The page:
In addition to monitoring export goods, the New Zealand Customs Service is also charged with encouraging New Zealand’s international trade. This means they work closely with other countries’ customs agencies to facilitate the movement of trade goods internationally.
As an exporter, you are in a position to benefit from the numerous preferential trade agreements and export schemes that New Zealand has negotiated internationally over the years, and which are designed to promote the export of our goods.
Here are some links to key information on international agreements and Customs’ role in the export sector. On these pages, you’ll access all the information, guidance and documentation you will need in your important role as a New Zealand exporter.
Preparing to export (external link) — If you are intending to export goods out of New Zealand, there are specific processes, documentation and clearance that are required. Find out what you need to know for successfully exporting your goods at Preparing to export.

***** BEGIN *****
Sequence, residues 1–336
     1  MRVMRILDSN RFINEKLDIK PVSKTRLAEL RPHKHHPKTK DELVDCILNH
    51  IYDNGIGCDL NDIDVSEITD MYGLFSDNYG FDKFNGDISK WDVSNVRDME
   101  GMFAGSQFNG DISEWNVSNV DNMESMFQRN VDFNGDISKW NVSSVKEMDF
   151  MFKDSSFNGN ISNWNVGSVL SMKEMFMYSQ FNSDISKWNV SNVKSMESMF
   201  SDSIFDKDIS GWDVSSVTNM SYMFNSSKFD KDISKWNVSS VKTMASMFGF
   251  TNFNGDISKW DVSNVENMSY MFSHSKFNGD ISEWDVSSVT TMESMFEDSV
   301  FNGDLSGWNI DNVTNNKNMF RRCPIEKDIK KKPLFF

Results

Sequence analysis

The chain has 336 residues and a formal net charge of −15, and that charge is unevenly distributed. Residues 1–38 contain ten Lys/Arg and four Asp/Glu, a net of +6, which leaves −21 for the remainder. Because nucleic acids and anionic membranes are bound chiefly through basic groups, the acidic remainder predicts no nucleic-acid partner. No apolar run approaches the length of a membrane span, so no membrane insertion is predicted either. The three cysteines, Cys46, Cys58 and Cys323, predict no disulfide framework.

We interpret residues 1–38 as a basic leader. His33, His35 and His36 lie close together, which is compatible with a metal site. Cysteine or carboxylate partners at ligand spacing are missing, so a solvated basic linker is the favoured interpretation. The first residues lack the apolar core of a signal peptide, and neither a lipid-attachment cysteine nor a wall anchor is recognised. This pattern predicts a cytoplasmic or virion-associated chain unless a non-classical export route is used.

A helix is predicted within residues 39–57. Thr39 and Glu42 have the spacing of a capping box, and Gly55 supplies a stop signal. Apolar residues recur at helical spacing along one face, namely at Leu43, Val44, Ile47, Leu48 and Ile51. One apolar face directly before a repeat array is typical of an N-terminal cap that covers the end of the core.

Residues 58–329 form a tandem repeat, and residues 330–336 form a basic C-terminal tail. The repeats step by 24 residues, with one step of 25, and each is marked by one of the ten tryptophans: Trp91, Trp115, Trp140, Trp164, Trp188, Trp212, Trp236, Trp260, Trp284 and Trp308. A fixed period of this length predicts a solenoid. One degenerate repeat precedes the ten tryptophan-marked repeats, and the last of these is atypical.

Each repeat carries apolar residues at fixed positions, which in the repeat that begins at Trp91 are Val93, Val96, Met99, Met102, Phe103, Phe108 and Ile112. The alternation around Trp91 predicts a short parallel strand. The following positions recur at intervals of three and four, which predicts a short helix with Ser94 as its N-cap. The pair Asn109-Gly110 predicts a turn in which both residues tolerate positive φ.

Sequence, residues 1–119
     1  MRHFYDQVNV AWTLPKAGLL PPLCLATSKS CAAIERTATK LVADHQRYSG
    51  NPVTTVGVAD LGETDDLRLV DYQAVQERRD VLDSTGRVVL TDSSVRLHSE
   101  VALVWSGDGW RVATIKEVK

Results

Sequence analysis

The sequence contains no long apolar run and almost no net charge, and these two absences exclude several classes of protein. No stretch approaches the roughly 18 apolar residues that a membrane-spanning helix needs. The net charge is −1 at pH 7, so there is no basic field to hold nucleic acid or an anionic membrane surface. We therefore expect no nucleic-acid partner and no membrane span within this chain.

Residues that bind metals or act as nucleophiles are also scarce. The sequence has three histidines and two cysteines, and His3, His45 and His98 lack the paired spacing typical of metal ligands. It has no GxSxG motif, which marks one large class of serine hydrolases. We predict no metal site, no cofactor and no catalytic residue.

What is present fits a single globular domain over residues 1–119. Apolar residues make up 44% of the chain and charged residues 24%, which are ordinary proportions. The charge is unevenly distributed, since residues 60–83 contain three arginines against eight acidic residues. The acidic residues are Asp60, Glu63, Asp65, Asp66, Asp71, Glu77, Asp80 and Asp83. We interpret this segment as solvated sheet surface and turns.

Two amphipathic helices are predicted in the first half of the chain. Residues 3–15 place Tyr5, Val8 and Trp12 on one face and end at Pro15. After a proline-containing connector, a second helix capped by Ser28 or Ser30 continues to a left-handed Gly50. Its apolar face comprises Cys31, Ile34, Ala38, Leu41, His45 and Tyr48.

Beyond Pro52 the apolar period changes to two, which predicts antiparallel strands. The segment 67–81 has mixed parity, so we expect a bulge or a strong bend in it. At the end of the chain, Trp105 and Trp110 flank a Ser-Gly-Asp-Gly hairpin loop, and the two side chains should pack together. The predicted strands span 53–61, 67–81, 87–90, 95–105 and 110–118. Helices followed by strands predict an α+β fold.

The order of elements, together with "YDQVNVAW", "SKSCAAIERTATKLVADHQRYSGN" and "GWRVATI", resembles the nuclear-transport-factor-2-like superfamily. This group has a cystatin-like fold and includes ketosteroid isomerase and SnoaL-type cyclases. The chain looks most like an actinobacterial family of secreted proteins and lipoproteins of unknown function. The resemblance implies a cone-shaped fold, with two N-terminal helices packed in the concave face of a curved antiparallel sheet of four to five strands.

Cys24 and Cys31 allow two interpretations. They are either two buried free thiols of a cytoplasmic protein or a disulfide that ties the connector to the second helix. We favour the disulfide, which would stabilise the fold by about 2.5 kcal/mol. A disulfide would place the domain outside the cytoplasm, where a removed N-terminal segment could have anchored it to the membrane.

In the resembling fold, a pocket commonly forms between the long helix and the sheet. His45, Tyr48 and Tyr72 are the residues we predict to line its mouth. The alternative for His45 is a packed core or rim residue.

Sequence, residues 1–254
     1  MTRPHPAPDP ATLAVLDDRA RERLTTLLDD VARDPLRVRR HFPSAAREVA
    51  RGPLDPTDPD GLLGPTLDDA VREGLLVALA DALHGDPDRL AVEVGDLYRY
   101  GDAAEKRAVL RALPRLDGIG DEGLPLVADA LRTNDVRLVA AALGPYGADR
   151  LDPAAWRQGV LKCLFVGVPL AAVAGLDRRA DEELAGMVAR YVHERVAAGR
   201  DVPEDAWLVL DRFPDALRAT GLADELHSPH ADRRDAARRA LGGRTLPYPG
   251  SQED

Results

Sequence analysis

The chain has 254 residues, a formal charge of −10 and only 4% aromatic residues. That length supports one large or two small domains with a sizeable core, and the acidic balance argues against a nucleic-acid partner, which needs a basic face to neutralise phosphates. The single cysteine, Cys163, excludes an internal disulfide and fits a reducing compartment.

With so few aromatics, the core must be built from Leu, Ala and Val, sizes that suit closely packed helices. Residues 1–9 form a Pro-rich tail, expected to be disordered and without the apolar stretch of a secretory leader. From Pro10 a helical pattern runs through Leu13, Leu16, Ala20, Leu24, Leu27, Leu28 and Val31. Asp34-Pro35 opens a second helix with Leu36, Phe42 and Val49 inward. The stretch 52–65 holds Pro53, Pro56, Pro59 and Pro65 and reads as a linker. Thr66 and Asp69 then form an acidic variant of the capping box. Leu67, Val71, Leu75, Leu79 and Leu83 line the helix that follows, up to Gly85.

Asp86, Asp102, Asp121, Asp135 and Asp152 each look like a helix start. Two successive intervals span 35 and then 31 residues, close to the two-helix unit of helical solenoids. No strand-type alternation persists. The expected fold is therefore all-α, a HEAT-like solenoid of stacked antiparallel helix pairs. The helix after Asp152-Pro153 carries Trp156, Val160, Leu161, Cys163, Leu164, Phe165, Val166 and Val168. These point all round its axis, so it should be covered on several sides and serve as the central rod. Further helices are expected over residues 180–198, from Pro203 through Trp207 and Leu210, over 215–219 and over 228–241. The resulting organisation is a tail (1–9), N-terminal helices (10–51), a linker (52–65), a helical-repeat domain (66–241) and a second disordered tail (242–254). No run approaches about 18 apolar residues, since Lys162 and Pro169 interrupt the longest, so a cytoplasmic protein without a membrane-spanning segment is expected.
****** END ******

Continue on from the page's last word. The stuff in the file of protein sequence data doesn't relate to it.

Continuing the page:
Accompanying your exports (external link) — Are you intending to export commercial goods in your luggage? Learn the rules for the goods take out of the country but intend to bring back, such as product samples or prototypes.
Export clearance & entry procedures (external link) — Find out how to get customs clearance for your exported goods along with schemes and initiatives that may benefit you as an exporter.
Export charges & drawbacks (external link) — Find out the charges and fees you might expect when exporting goods out of New Zealand, and information on refunds at Export charges & drawbacks.
Departure of commercial craft (external link) — Find out what the documentation and clearance requirements are when leaving New Zealand.
Trade barriers created by government policies and regulations are called non-tariff barriers. This might be excessive red tape, onerous regulations, unfair rules or decisions, or anything else that is making it difficult for you to trade overseas and compete effectively. Find out how MBIE and other government agencies can help reduce or prevent some of these barriers on the Trade and tariffs page (external link) .